It is precisely the eventual scenario of a deeper economic crisis which could lead Urkullu to opt for an independent Basque Country, much in the same manner as right-wing Catalan nationalists have recently done. In the last two years, the governing Convergencia i Unió has implemented a policy of severe cuts in the Catalan public sector with the support of the People’s Party in the regional parliament. As a result of the austerity policies, the Catalan economy is in tatters, with record unemployment levels and rising social inequality. In late August 2012, the Catalan government formally applied for a £4 billion bailout to the Spanish government to cover deficit spending and refinance existing debt. But despite the dramatic economic situation, or perhaps because of it, the Catalan president, Artur Mas, has blamed the central government for the region’s problems, accused ‘Madrid’ of fiscal exploitation and proposed a referendum for an independent Catalonia.

Separation, the conservative Catalanists claim, will provide the solution to the region’s economic problems. To be sure, the situation in Euskadi is different to the one in Catalonia. The Basque Country enjoys extensive fiscal autonomy and unemployment is considerably lower than in Catalonia, but, as the economic crisis bites further, the possibility of a PNV ‘separatist turn’ a la Artur Mas should not be ruled out. After all, recession has resulted in an increasing number of Europeans supporting secessionist movements in Belgium, the UK and Spain. In the midst of a brutal crisis, the creation of new nation-sates is seen as the panacea to economic maladies.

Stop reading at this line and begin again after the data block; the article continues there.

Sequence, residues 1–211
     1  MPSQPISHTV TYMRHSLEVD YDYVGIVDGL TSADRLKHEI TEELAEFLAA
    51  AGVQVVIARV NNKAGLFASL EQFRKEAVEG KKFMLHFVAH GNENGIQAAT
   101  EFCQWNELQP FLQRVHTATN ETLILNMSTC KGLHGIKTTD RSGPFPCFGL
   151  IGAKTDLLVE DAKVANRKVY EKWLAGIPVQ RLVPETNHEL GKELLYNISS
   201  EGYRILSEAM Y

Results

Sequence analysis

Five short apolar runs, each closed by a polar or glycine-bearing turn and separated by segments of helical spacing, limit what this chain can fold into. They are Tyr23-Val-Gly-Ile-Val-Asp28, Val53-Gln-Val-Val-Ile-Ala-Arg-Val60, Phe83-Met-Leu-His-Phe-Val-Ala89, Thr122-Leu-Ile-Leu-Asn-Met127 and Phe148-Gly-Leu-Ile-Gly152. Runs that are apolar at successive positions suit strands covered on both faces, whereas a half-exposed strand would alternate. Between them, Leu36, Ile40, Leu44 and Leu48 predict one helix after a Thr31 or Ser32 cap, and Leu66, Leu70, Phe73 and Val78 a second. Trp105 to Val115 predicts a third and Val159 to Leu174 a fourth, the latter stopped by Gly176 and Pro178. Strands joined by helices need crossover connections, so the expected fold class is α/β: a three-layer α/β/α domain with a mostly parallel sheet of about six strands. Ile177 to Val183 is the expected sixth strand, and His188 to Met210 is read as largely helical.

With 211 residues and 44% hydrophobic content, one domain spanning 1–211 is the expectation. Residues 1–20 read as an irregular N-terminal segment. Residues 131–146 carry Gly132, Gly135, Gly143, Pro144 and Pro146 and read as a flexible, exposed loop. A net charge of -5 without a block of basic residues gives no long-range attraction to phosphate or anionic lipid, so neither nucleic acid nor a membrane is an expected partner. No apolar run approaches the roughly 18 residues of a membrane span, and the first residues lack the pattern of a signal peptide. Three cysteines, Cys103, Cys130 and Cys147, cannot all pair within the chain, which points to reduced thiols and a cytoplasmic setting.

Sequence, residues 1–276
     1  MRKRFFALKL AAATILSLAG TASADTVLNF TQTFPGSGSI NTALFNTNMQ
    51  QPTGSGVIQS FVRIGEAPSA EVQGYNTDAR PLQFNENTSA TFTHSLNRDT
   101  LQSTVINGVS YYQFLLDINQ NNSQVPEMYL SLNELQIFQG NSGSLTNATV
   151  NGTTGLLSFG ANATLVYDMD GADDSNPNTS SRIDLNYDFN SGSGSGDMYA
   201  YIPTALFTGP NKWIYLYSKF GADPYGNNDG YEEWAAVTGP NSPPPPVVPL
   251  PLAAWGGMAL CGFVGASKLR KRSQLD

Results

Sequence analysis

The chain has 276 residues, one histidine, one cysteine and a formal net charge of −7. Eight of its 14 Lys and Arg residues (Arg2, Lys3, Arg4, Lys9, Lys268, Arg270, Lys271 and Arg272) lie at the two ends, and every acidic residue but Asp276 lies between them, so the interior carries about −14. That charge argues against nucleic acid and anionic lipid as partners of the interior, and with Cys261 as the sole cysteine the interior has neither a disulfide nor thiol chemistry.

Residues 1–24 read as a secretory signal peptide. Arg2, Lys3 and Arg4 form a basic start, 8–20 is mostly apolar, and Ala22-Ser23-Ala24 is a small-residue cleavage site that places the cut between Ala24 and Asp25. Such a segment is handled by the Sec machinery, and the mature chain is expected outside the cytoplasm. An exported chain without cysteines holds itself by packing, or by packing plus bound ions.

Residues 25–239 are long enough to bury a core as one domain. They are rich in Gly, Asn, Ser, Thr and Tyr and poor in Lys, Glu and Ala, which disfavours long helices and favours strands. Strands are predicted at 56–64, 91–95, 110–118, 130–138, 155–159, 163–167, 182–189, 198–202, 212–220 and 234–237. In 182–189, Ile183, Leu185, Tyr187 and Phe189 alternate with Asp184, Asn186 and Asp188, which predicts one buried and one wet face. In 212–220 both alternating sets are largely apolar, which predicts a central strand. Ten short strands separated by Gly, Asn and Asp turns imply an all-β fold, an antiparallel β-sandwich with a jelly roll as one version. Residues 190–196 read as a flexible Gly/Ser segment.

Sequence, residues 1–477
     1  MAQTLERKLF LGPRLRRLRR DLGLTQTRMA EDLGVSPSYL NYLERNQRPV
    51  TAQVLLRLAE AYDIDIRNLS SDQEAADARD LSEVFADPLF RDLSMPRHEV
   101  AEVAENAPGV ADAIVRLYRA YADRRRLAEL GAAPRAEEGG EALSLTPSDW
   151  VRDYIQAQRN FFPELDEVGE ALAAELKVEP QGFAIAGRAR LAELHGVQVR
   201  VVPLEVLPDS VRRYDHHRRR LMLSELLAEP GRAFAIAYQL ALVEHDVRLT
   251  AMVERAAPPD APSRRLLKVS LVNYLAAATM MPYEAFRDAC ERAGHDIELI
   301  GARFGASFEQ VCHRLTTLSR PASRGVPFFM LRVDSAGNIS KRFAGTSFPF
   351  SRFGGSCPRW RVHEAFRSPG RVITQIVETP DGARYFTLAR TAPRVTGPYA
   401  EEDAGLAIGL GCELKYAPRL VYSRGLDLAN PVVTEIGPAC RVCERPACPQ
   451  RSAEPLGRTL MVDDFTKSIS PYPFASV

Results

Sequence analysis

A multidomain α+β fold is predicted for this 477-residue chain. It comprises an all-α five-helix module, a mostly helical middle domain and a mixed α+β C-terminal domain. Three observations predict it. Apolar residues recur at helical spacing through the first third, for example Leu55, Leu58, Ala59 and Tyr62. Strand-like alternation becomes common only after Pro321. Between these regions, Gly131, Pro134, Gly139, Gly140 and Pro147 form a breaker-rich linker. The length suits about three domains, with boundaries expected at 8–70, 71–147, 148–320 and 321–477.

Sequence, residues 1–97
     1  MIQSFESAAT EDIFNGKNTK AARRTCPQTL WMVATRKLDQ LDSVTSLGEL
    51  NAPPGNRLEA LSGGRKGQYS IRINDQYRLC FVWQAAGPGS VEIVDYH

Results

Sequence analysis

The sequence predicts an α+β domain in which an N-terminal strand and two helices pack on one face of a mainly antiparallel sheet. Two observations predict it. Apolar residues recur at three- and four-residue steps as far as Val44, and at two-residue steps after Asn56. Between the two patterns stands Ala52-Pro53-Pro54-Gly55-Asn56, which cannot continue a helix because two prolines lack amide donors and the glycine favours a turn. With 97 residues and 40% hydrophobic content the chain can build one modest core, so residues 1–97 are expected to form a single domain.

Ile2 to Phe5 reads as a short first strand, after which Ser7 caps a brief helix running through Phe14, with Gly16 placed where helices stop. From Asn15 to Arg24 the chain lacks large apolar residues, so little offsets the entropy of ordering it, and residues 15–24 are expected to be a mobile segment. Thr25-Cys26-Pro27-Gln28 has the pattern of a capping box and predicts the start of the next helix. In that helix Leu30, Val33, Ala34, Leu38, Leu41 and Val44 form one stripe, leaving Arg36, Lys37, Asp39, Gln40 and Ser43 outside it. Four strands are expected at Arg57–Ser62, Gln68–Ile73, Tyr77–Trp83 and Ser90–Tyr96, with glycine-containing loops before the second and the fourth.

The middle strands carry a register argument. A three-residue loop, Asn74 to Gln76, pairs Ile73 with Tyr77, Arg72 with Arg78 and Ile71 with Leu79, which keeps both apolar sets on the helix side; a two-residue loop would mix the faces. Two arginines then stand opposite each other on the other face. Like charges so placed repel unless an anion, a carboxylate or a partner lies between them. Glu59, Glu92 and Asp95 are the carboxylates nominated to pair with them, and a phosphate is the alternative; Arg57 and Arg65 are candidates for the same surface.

If the PNV is to extol the virtues of an independent Basque Country, this would add to the current problems of the People’s Party government in Madrid. This sort of challenge, though, could also be welcomed by the Spanish Prime Minister Mariano Rajoy, as he uses confrontation with regional nationalists to divert attention from the dramatic situation of a country suffering from a deep recession, an unemployment rate of 25 per cent and constant protests in the streets. Crucially, a hypothetical secession of the Basque Country from Spain would pose a number of problems to the European Union too. Would an independent Basque Country be part of the EU? Could Spain veto the entry of the Basque Country into the EU? How would the Basque economy be affected if Euskadi was to stay outside of the EU? Whatever the future political framework of Euskadi, Urkullu has made very clear that he does not contemplate the Basque Country outside the European Union. Yet the price of secession could be imposed isolation.

In a southern Europe devastated by the economic crisis, the revival of pro-EU stateless nationalist movements is somehow paradoxical. But finding in nationalism the solution to all sorts of problems in times of crisis is an old European recipe.

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Note:  This article gives the views of the author, and not the position of EUROPP – European Politics and Policy, nor of the London School of Economics.

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About the author

Alejandro Quiroga – Newcastle University
Alejandro Quiroga is a Reader of Spanish History at the School of History, Classics and Archaeology in Newcastle University and a Ramón y Cajal Fellow at Universidad de Alcalá de Henares (Spain). His research interests include Spanish history and politics, twentieth-century European history, nationalism and ethnic conflict.